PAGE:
MySQL is a kind of database management system and it is widely used in servers and especially for web servers with cPanel or Plesk installed. Server security is an inevitable aspect of server management and securing MySQL is imperative.

For cPanel server, MySQL is pre-installed. MySQL is very robust and widely used in many CMS applications in web server such as WordPress, Joomla, Magento and so on.

Basic Security Options

1. Install CSF ( Config Server Firewall ) and block the MySQL outgoing port globally, so that if anyone needs to connect to our MySQL server, we can enable this 3306 port separately in csf configurations.

2. Mysql root password is stored in /root/.my.cnf file.

password=”mysqlrootpassword”
user=root

If you type the below command and if you are able to access MySQL server without prompting MySQL password, then this is because the MySQL password is stored in /root/.my.cnf.

myserver@root# mysql-u root
mysql>

Thus, its always better to save this password somewhere else and delete the entries in that file.

3. cPanel default script

Once you install cPanel, its always better to run the following script

/scripts/securemysql

This command will execute a lot of inbuilt commands specified in this script and do the following

  • It will remove any anonymous users.
  • It will expel the test database.
  • It will remove global lock tables and make tmp table benefits from clients.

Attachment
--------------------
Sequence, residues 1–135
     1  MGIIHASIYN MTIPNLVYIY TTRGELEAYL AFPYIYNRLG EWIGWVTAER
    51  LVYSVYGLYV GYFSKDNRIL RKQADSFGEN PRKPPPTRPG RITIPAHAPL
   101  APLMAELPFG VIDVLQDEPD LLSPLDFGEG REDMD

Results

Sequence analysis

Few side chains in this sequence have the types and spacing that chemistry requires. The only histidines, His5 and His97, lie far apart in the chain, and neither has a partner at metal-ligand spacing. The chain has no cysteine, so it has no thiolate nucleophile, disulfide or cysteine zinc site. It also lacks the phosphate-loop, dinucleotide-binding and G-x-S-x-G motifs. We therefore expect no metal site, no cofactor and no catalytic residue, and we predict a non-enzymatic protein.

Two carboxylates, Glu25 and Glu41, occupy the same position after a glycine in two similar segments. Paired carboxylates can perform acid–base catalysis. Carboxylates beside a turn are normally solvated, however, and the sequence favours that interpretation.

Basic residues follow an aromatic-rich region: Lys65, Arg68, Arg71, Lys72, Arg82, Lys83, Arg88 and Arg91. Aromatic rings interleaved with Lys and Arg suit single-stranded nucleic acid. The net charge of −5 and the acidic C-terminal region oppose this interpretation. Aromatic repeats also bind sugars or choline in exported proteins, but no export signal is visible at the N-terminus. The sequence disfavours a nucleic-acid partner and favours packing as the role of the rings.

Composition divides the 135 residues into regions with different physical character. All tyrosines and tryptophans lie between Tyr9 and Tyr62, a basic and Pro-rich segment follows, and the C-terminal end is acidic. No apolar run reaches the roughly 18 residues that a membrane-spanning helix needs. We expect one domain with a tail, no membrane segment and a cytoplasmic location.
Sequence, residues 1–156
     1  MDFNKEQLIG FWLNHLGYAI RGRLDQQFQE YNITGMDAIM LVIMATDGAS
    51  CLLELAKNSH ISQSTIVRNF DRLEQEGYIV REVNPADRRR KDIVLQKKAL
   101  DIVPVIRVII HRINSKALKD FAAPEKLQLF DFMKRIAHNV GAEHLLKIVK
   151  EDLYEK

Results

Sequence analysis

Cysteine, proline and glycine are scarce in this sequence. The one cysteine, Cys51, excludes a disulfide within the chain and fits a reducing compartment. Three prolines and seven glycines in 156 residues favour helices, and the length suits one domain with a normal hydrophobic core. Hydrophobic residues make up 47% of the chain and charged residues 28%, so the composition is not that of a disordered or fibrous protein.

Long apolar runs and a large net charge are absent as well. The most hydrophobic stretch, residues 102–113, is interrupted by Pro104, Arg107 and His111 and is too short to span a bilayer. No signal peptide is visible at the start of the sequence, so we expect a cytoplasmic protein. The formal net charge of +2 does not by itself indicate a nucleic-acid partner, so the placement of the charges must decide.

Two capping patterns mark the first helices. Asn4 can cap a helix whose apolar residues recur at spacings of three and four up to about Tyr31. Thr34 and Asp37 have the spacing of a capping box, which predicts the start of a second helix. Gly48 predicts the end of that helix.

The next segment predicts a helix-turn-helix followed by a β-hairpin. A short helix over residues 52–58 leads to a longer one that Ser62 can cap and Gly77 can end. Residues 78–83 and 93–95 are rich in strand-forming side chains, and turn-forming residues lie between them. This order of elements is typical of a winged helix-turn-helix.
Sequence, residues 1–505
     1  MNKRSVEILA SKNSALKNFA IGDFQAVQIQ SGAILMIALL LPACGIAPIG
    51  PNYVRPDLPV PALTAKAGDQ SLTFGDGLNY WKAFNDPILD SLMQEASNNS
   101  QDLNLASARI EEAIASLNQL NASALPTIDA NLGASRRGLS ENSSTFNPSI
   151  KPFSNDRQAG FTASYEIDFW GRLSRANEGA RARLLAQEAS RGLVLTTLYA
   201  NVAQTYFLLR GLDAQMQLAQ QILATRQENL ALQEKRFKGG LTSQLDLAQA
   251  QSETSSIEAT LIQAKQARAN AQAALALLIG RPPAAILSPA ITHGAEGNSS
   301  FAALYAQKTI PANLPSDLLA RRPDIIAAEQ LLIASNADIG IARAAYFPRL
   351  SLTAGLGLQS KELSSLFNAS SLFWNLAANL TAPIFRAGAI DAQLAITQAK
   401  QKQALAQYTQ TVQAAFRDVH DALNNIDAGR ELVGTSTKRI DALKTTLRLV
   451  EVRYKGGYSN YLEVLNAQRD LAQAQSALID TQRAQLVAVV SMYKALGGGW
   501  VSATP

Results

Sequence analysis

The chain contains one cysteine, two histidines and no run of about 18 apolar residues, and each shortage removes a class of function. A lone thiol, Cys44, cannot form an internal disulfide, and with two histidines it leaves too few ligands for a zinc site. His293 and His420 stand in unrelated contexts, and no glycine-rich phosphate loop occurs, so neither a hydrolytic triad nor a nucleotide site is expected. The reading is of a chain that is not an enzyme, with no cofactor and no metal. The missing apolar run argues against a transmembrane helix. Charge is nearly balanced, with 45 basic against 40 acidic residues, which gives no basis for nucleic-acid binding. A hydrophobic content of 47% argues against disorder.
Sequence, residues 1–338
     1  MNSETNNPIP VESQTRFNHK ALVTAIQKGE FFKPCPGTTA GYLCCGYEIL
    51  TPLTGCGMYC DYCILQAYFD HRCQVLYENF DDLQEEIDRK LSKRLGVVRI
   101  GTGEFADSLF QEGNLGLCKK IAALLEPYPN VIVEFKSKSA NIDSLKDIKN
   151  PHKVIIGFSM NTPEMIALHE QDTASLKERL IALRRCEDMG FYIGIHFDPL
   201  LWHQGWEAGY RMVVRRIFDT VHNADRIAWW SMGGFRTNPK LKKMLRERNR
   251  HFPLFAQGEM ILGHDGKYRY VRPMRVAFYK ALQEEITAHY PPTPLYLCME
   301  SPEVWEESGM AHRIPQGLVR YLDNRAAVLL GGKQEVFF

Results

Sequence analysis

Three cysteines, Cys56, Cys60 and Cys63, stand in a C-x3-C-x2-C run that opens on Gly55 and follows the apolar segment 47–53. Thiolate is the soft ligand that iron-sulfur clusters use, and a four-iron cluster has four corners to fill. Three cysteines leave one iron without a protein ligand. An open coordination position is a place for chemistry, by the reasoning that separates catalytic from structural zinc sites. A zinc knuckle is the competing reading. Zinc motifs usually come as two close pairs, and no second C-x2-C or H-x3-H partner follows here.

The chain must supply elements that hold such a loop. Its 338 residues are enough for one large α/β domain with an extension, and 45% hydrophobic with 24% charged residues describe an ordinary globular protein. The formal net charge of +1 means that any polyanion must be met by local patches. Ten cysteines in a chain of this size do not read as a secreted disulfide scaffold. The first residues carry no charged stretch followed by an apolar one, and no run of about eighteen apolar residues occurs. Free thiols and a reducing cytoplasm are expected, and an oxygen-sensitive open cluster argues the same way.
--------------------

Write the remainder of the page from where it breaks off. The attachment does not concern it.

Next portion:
• It will evacuate remote root login.
  • It will expel shaky swarm login and benefits.
  • It will evacuate crowd clients with a clear secret key.

This command will check the permissions of the directory /var/lib/MySQL has been set correctly (This is the MySQL database directory and this should own by the user MySQL)

4. Password policy in WHM

Providing a secure password for all MySQL users is imperative and it will harden the security of MySQL server.

MySQL usually stores all users data in the table mysql user, and we should not give access to this table to any non-administrative users.

WHM >> Home >> Security Center >> Password Strength Configuration

Here you can increase the password strength for MySQL users.

Tweaking system variables

The default MySQL configuration file is /etc/my.cnf. An administrator can set certain system variables to set MySQL server

skip-name-resolve

This is a global scope variable and while this directive is set, this will not resolve hostname while checking client connections.

local-infile

local-infile=0 in /etc/my.cnf

if this directive not disabled like above, anyone can load a file that is located on the server host by using LOCAL in LOAD DATA statements.

skip-show-database

This is a global scope variable and once it enabled in the my.cnf file, the show database command will be disabled entirely. It will improve security as it will reduce the chances of any intruders to get information remotely by this MySQL command

Other practices

1. Disable MySQL history file.

The MySQL client writes all executed commands in .mysql_history located in user’s home directory. This is a hidden file. This is dangerous as because it usually contains passwords as well as commands associated with MySQL. Running the below command will fix the issue.

ln -sf/dev/null ~/.mysql_history

2. If you do not need remote access to the MySQL server, it’s better to disable MySQL from listening to TCP port 3306 connections. open my.cnf file and add, skip-networking

These are the common methods available to secure MySQL on cPanel installed servers.

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